Mr Timpson’s Talent
11th May 2017
UK shoe repair and key-cutting business Timpson recruits new staff solely according to which Mr Men characters their personalities resemble – the BBC revealed in April.
Recruitment is a more complex entity than it can first appear. I’m often asked what is the one thing you can do to make your recruitment process successful. The answer is simple: You must devise an approach based on your business and your requirements and not follow the crowd. John Timpson, the 74 year-old Chairman of the Timpson who has been at the helm of the business for 42 years, did exactly that – and the company has reaped the rewards.
“We’re not bothered by qualifications or CVs. We just look at the candidate and work out who they are. Are they Mr Grumpy, Mr Slow, Mr Happy?”
“If they tick all the right boxes then we put them in the shop for half the day. That’s it, I dreamt that up years ago.” says Mr. Timpson, who also empowers his Stores Managers to make their own decisions about customer service and refunds, with a £500 discretionary spend.
Be Mr Choosey
The Timpson model is an example of a business that customised a hiring model to its own needs. I’m not suggesting that you emulate it, but what you can take from it is that you can build your own recruitment process, choosing from the various tools you have on offer. It probably won’t include personality profiling against Mr Men characters, but it doesn’t have to take the standard format of advertise, short list, interview, second interview, hire.
Get Mr Positive
Assessment centres, trial days and work-shadowing – for example – can often help to highlight negatives and positives not always apparent in structured interviews. Psychometric testing, competency testing and practical testing all have their places too.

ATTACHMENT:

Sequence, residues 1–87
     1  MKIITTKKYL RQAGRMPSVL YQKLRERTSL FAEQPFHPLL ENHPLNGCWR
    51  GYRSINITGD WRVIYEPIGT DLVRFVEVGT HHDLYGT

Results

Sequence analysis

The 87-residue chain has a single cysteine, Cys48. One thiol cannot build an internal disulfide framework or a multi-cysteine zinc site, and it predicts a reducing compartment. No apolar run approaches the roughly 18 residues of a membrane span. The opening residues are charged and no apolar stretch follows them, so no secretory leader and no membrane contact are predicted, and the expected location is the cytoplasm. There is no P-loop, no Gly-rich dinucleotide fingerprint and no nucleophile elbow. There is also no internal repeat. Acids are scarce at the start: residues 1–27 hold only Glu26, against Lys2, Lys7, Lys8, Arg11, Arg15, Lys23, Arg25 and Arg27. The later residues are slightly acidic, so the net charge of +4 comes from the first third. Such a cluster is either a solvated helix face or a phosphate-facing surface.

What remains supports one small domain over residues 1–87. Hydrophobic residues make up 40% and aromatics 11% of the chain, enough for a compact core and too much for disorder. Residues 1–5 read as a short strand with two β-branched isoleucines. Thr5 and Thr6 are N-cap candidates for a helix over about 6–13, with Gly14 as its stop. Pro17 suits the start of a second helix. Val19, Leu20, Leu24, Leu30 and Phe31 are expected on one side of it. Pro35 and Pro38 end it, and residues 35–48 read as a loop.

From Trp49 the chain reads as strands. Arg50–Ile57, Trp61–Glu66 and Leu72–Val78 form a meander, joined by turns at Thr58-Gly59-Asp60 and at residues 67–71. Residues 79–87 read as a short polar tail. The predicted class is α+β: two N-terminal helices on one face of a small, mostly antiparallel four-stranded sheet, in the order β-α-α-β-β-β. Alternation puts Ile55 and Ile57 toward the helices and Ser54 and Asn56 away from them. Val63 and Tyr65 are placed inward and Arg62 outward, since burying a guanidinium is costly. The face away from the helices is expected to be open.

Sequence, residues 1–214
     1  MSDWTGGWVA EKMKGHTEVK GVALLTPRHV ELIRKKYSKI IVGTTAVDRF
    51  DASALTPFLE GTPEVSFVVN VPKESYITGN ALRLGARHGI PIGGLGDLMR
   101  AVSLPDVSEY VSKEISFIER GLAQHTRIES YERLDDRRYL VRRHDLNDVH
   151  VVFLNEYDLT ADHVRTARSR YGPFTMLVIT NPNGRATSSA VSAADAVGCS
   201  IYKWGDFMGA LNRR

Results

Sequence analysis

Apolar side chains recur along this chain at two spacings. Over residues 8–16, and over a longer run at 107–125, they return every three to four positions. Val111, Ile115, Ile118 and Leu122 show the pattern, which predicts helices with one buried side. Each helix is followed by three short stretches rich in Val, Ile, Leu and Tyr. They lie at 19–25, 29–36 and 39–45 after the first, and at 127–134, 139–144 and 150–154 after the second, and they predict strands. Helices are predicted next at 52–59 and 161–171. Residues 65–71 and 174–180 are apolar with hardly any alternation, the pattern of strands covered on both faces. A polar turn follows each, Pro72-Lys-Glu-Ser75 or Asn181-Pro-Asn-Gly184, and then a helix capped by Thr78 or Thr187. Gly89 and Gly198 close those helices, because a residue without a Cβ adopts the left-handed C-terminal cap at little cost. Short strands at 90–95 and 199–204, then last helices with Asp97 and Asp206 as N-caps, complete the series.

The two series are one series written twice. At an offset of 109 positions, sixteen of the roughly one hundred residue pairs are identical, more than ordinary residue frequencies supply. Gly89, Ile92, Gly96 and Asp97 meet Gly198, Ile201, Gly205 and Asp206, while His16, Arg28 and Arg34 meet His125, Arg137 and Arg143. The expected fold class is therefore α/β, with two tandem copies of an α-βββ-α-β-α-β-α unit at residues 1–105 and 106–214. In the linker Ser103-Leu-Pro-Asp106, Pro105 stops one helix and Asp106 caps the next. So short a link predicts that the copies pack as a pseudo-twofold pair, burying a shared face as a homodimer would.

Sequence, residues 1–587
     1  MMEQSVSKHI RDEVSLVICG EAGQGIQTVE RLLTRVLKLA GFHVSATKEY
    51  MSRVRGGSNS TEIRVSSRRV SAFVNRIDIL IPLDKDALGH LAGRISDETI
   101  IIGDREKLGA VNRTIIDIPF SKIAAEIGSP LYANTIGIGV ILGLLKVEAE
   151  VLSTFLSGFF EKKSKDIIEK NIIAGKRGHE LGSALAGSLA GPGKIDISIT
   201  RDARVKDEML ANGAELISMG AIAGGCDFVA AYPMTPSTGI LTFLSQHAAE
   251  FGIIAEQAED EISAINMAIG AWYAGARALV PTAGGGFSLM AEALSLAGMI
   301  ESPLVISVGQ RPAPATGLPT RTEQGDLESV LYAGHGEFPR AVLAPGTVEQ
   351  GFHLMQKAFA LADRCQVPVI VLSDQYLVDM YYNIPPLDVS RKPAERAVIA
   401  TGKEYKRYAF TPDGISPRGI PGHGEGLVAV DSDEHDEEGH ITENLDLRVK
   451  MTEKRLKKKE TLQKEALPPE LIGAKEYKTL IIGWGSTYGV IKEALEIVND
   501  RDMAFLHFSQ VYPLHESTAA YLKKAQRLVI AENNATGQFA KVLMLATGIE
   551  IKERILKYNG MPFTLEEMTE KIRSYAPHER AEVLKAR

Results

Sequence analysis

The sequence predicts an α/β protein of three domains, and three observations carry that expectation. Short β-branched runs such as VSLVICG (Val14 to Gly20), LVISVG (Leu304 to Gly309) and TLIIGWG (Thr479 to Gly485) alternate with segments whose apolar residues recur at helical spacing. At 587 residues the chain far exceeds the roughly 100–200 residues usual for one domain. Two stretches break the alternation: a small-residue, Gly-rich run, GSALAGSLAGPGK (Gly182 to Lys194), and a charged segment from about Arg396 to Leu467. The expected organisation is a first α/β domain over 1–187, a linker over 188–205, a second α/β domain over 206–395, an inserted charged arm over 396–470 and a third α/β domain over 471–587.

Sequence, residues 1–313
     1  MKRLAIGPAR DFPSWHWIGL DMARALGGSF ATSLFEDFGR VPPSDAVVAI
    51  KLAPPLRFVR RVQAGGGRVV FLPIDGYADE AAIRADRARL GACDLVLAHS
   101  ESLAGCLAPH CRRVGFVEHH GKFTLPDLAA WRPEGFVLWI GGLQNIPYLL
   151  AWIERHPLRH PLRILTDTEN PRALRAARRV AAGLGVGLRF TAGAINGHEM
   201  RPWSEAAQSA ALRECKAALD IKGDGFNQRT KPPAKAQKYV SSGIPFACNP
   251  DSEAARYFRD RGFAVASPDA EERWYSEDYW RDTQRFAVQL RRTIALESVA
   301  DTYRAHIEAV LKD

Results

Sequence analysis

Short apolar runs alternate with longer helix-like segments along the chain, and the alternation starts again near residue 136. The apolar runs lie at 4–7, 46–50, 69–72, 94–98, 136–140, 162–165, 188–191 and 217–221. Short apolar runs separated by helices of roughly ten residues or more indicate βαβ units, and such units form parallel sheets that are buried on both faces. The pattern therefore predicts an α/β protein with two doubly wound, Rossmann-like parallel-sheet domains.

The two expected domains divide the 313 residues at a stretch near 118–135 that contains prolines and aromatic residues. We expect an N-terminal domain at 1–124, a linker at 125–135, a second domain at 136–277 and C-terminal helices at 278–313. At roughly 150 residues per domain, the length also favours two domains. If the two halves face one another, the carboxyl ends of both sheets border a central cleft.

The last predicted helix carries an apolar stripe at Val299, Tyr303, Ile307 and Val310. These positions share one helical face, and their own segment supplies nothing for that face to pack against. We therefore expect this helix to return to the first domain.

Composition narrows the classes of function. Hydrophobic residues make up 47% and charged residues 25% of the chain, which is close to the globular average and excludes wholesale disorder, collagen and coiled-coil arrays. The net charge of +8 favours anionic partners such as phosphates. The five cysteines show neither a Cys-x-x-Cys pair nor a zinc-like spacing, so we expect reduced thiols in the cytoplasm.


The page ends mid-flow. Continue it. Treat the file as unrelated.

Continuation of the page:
By integrating tools like these into as structured recruitment process then you are more likely to select and retain the best talent.
Reveal Mr Problem
Start with the end in mind. Draw up a job specification and a person specification. Respectively they will identify the key tasks associated with the role and the key qualities that a person should possess in order to perform them well. Nothing new there – but you might be surprised at how often this is overlooked because of organisational structure, where perhaps a line manager is recruiting independently of the HR function and with very little or no training.
Then, consider, given the nature of the role, how best you might assess a candidate’s suitability. For example, if you are recruiting a sales role, you would probably expect a candidate to perform well in a face to face interview. So, should you perhaps consider putting the candidate in a different environment as well, to reveal other personality traits? Are they a team player? What about their administration skills? Do they get bored quickly? How do they get on with others? Are they doers, procrastinators or thinkers?
Lose Mr Attitude
Skills can be trained, but attitude cannot, so make sure recruit with personalities in mind. Match candidate personalities to the culture of your organisation and to line managers and teams. By taking the time to do this properly (a task that is often overlooked) you will be more likely to attract and retain talent.
Don’t be Mr Reactive
Many of our clients benefit from our Partner Programme. We act as an extension to their business, advising on talent acquisition and putting selection processes into place. We typically manage the whole process in conjunction with key internal people, usually the HR Manager, or Managing Director. By doing this we can plan ahead with the business goals in mind, rather than reacting to demand for talent at short notice. When this happens, companies often have to compromise, as the best people are often already happily employed. Planning ahead, on the other hand, allows time to scope the lucrative market of hidden talent and to take time to build relationships with those potential candidates.
Keep Mr Brilliant
Our strategic involvement assists in retaining talent too. We can identify talent leaks by carrying out exercises like culture and values assessment or exit interviews, which help us to consider strategic changes to processes to minimise the likelihood of good people leaving for the wrong reasons.
If you’d like to know more about our Partner Programme, please email me and we’ll fix up a telephone conversation or meeting. In the meantime, have fun trying to work out which Mr Men characters you can spot in your team!
You can read the full BBC article about Mr Timpson’s Mr Men technique here.